The Church of St Germain of Auxerre in Pleyben has all the elements of a parish enclosure – a Church surrounded by walls, a Triumphal Arch, monumental Calvary, South Porch, Ossuary, and Sacristy – and it dominates the centre of the town.
The Triumphal Arch (1725) is the gateway used for the dead, and marriages. On one occasion when I visited a funeral was in progress, and coffin entered and exited through this gateway. The nearby Ossuary was built in the 15C and was then restored in the 18C as a Chapel, dedicated to St Simon and St Jude. This is the oldest free-standing ossuary in Brittany.
The Sacristy was added in the 17C and looks quite different from the main body of the church, or even the Ossuary.
The Calvary was created between 1550 and 1650 and is an extraordinarily dramatic monument, mainly made in the workshop of Henry and Bastien Prigent. It was originally closer to the Church and then moved to its current position in 1738.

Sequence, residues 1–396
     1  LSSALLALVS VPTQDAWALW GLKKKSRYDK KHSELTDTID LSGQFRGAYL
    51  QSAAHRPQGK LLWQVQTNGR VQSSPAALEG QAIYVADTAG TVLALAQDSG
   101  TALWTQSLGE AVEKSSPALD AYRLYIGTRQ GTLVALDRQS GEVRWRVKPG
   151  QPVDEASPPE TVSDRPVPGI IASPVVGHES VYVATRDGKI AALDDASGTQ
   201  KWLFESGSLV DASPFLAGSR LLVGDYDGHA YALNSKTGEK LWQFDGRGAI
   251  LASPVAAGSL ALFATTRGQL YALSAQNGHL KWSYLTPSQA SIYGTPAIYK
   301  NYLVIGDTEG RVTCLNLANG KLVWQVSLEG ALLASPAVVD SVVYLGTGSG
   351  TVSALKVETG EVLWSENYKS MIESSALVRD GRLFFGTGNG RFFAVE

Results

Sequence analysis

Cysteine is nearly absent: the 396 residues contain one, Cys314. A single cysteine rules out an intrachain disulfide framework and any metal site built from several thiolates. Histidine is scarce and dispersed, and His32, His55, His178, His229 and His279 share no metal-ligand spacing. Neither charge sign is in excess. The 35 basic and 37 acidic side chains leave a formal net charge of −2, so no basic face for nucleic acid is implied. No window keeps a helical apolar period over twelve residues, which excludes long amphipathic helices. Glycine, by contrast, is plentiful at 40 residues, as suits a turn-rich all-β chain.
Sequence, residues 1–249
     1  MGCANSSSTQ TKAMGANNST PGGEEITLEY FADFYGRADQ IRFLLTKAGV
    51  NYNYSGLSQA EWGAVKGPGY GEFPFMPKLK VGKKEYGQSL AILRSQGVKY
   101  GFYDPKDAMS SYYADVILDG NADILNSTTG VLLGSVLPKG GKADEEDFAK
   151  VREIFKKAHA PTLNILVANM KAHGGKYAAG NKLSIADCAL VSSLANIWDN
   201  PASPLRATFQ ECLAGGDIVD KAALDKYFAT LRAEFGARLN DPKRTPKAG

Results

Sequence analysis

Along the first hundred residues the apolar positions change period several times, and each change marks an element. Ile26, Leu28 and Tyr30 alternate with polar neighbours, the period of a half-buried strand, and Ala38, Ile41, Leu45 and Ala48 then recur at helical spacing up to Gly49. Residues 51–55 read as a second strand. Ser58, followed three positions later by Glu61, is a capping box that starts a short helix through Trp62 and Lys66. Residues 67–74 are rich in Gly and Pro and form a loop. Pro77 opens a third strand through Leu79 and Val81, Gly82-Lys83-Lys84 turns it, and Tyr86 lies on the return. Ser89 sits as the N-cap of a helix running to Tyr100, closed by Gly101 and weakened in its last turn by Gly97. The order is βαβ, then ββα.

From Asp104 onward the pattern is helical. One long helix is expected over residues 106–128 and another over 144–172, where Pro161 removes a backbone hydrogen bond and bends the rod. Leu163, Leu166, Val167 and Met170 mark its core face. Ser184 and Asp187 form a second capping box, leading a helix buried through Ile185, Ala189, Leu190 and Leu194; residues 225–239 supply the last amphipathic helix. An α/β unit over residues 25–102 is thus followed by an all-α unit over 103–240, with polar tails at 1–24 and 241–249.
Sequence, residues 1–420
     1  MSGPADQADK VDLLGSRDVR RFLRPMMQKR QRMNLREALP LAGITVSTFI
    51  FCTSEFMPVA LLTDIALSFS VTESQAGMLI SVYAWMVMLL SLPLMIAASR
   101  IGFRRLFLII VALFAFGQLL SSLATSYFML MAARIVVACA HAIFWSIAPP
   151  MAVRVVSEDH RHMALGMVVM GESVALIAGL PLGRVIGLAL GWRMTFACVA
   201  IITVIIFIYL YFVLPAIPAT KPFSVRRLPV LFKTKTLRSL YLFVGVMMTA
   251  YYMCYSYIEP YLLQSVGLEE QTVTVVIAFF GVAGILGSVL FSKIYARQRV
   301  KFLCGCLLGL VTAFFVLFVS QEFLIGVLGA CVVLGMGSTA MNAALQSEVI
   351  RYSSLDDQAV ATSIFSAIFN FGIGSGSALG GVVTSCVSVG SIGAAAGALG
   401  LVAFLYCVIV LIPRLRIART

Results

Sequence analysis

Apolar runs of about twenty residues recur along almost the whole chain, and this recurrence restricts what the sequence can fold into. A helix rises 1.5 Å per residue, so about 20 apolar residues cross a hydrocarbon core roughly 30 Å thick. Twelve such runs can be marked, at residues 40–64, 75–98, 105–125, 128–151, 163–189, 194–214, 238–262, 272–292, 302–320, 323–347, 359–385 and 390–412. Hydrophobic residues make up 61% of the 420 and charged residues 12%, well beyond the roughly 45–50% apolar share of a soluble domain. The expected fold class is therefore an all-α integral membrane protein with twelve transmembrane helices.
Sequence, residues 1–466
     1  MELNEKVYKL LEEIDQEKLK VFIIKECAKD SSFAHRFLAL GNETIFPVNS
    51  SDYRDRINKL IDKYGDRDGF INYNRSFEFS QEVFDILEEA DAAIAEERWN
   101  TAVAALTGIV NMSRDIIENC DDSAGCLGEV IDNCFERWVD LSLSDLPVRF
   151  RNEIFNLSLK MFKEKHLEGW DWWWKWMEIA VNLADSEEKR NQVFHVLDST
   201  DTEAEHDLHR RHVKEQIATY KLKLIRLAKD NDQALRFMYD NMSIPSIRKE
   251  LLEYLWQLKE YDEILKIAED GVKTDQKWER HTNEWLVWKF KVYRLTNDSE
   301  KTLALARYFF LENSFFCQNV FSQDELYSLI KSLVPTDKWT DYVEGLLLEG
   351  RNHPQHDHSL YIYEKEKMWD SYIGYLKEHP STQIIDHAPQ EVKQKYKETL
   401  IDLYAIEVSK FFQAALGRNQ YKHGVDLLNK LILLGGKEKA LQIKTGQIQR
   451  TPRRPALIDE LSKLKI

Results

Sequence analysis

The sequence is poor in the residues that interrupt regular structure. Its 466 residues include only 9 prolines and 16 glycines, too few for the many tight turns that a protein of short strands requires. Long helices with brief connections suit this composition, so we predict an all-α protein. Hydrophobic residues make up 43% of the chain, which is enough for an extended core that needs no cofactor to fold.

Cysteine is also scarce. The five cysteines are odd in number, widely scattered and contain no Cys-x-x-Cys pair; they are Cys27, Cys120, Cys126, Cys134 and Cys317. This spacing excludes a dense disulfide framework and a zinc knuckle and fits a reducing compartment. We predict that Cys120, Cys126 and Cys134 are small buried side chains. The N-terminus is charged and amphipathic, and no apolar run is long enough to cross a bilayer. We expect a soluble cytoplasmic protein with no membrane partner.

The South Porch is elegant and two of the statues are attributed to Roland Doré – John the Evangelist and James the Greater.
Walk round for different views: carvings on the outside of the building, and the twin towers in contrasting styles – the taller Renaissance-style tower, and the smaller tower in Gothic style. And between the towers is an elaborate stair turret.
This is a stunning enclosure, set apart, and elegant. Do not miss this sight if you are in Brittany!